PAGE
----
Regulation Of Payment Aggregators And Payment Gateways
- On 17th March 2020, the Reserve Bank of India (RBI) released guidelines for the activities payment aggregators (PAs) and provides baseline technology-related recommendations to payment gateways (PGs) in the country.
- PAs and PGs are intermediaries playing an important function in facilitating payments in the online space.
- These guidelines are issued under Section 18 read with Section 10(2) of the Payment and Settlement Systems Act, 2007 and shall come into effect from April 1, 2020.
- To make digital payments more safer and transparent
- The RBI released a discussion paper in September, 2019 to regulate these entities.
- The paper suggested three ways to look at the issue- no regulation, light touch regulation or full regulation, the final guidelines seem to have favoured the third alternative.
- It is to be noted that banks are already regulated entities of RBI, the payment gateway services provided by them need not require a separate authorisation as these activities form part of regular banking business.
Need for Regulation
- Potential Source of Risk: The activities of payment gateways and payment aggregators in online transactions are extremely crucial and the payment gateway ecosystem for online transactions could be a source of risk if operators have lax governance practices.This in turn could impact the confidence and experience of the customers.
- Lack of Redressal Mechanism: Further, the lack of proper redress mechanism and uniformity in practice across the entities is also a matter of concern.
About the Guidelines
- The guidelines shall be applicable to PAs. PAs shall also adopt the technology-related recommendations.
- Domestic leg of import and export related payments facilitated by PAs shall also be governed by these instructions.
- Guidelines are not applicable to Cash on Delivery (CoD) e-commerce model.
- The criteria of authorization has been arrived at based on the role of the intermediary in handling of funds.
- Banks, which provide payments aggregation services as part of their regular banking relationship, do not require a separate authorisation from RBI.
- But non-bank payments aggregators will require authorisation from RBI under the Payment and Settlement Systems Act (PSSA), 2007.
- Existing non-bank entities offering PA services shall apply for authorisation on or before June 30, 2021.
- E-commerce marketplaces, according to the guidelines, providing payment aggregator services will have to be separated from the marketplace business and they will have to apply for authorisation on or before June 30, 2021.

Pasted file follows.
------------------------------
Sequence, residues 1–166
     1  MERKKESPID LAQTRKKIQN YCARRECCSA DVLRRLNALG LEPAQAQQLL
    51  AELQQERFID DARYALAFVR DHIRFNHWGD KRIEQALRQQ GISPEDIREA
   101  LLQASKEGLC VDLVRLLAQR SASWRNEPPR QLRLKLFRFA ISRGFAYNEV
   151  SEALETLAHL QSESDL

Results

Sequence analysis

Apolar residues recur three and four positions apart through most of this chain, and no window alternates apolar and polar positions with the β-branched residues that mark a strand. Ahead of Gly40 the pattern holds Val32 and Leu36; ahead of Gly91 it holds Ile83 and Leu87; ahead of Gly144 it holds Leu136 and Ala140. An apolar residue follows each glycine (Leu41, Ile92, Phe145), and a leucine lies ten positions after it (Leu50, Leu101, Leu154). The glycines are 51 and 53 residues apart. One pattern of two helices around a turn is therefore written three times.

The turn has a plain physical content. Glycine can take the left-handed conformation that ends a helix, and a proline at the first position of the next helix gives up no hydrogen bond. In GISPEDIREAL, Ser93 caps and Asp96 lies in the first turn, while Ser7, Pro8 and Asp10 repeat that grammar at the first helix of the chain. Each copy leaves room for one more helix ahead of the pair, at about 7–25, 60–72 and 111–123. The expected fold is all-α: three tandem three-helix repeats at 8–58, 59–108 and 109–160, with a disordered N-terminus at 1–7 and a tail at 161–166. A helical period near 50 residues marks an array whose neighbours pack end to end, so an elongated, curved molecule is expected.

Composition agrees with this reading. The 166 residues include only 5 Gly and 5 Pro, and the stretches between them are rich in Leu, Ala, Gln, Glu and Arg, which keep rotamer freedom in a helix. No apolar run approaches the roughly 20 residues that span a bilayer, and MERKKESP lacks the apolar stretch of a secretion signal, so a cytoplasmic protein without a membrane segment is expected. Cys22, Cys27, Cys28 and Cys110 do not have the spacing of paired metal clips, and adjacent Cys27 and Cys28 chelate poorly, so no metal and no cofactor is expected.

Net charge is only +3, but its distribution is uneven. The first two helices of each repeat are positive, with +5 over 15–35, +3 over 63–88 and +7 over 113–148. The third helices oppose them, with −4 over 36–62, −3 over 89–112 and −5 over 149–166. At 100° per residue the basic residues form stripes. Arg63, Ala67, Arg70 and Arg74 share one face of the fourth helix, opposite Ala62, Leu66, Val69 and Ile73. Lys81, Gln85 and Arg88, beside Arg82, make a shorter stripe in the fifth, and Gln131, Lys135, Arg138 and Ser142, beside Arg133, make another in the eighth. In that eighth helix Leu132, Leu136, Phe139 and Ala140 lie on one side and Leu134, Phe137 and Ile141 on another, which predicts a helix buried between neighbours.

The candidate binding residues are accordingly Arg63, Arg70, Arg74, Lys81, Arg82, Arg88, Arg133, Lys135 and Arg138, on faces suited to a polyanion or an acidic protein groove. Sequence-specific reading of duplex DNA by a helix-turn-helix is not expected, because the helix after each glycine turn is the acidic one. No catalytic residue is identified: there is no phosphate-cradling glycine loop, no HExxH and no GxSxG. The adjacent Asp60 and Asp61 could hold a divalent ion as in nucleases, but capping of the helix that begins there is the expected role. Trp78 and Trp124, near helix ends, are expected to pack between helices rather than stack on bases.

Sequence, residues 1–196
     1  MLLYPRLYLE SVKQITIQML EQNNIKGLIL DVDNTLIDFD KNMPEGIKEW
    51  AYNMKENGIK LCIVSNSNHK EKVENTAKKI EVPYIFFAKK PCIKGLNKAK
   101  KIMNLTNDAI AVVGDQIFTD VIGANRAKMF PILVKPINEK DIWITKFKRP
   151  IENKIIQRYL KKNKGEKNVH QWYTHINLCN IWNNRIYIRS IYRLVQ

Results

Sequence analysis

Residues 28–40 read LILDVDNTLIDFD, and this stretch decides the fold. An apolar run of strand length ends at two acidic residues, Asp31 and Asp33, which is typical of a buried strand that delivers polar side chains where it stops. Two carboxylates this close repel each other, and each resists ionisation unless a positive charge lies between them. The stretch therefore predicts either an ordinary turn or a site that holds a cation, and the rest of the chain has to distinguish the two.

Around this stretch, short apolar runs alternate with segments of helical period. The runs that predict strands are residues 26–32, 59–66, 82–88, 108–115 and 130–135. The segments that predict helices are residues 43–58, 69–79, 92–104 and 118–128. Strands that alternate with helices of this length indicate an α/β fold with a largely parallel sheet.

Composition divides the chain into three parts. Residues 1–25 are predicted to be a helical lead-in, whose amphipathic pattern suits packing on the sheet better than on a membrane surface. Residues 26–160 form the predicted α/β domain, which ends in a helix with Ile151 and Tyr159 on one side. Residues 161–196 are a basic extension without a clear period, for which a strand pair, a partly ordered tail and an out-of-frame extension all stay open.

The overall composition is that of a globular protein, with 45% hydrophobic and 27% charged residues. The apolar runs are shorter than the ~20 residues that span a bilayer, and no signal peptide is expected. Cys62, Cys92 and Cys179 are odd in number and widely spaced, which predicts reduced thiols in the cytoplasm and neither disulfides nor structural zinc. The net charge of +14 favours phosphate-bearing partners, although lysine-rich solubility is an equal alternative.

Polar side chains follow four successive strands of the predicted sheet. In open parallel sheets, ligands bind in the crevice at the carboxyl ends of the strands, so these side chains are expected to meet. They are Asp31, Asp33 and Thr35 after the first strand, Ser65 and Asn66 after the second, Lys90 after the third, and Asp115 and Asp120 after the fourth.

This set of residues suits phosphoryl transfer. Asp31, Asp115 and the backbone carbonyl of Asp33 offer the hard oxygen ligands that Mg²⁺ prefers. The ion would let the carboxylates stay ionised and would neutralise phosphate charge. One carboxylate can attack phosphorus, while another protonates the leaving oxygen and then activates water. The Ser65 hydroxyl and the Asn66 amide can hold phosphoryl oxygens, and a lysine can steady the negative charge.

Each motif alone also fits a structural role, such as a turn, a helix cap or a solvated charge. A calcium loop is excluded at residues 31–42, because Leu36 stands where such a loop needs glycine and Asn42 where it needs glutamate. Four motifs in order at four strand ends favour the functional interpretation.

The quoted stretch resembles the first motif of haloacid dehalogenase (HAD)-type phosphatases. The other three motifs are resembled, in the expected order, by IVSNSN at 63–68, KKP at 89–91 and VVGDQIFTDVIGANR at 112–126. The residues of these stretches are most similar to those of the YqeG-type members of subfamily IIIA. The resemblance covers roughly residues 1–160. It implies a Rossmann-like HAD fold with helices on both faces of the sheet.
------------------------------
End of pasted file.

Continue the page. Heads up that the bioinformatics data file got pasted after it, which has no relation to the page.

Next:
- The biggest examples of this- PhonePe, a Flipkart company, and Paytm’s payment aggregator business are already separate entities from the marketplace models.
- Existing PAs shall achieve a net-worth of ₹15 crore by March 31, 2021 and a net-worth of ₹25 crore by the end of third financial year, i.e., on or before March 31,
- New PAs shall have a minimum net-worth of ₹15 crore at the time of application for authorization and shall attain a net-worth of ₹25 crore by the end of third financial year of grant of authorisation.
- PAs that are not able to comply with the net-worth requirement within the stipulated time frame shall wind-up payment aggregation business.
- PAs shall have a Board approved policy for disposal of complaints / dispute resolution mechanism / time-lines for processing refunds, etc., in such a manner that the RBI instructions on Turn Around Time (TAT) for resolution of failed transactions.
- PAs shall appoint a Nodal Officer responsible for regulatory and customer grievance handling functions.
Safeguards against Money Laundering (KYC / AML / CFT) Provisions
- The Know Your Customer (KYC) / Anti-Money Laundering (AML) / Combating Financing of Terrorism (CFT) guidelines issued by the Department of Regulation, RBI, in their “Master Direction – Know Your Customer (KYC) Directions” updated from time to time, shall apply mutatis mutandis to all entities.
Settlement and Escrow Account Management
- Non-bank PAs shall maintain the amount collected by them in an escrow account with any scheduled commercial bank.
- For the purpose of maintenance of the escrow account, the operations of PAs shall be deemed to be ‘designated payment systems’ under Section 23A of the PSSA (as amended in 2015).
Customer Grievance Redressal and Dispute Management Framework
- PAs shall put in place a formal, publicly disclosed customer grievance redressal and dispute management framework, including designating a nodal officer to handle the customer complaints / grievances and the escalation matrix.
Security, Fraud Prevention and Risk Management Framework
- A strong risk management system is necessary to meet the challenges of fraud and ensure customer protection. PAs shall put in place adequate information and data security infrastructure and systems for prevention and detection of frauds.
Bringing Transparency and Accountability
- PGs are regulated through banks, which creates opaqueness in the system. Regulations will help eliminating opaqueness and make things clearer for the entire industry in terms of capital requirement, governance and KYC norms for example.
- PGs such as Paytm, Mobikwik, Bharat Bill and aggregators like BillDesk, PayU India, CCAvenue, Razorpay now will be directly regulated by the RBI to bring more transparency, accountability and security for consumers.
Driving towards Less cash Society
- Industry would continue to work with RBI closely for smoother transition of industry players from indirectly regulated to directly regulated and help to achieve the overall vision of less cash society.
Payment Aggregators (PAs)
Payment Gateways (PGs)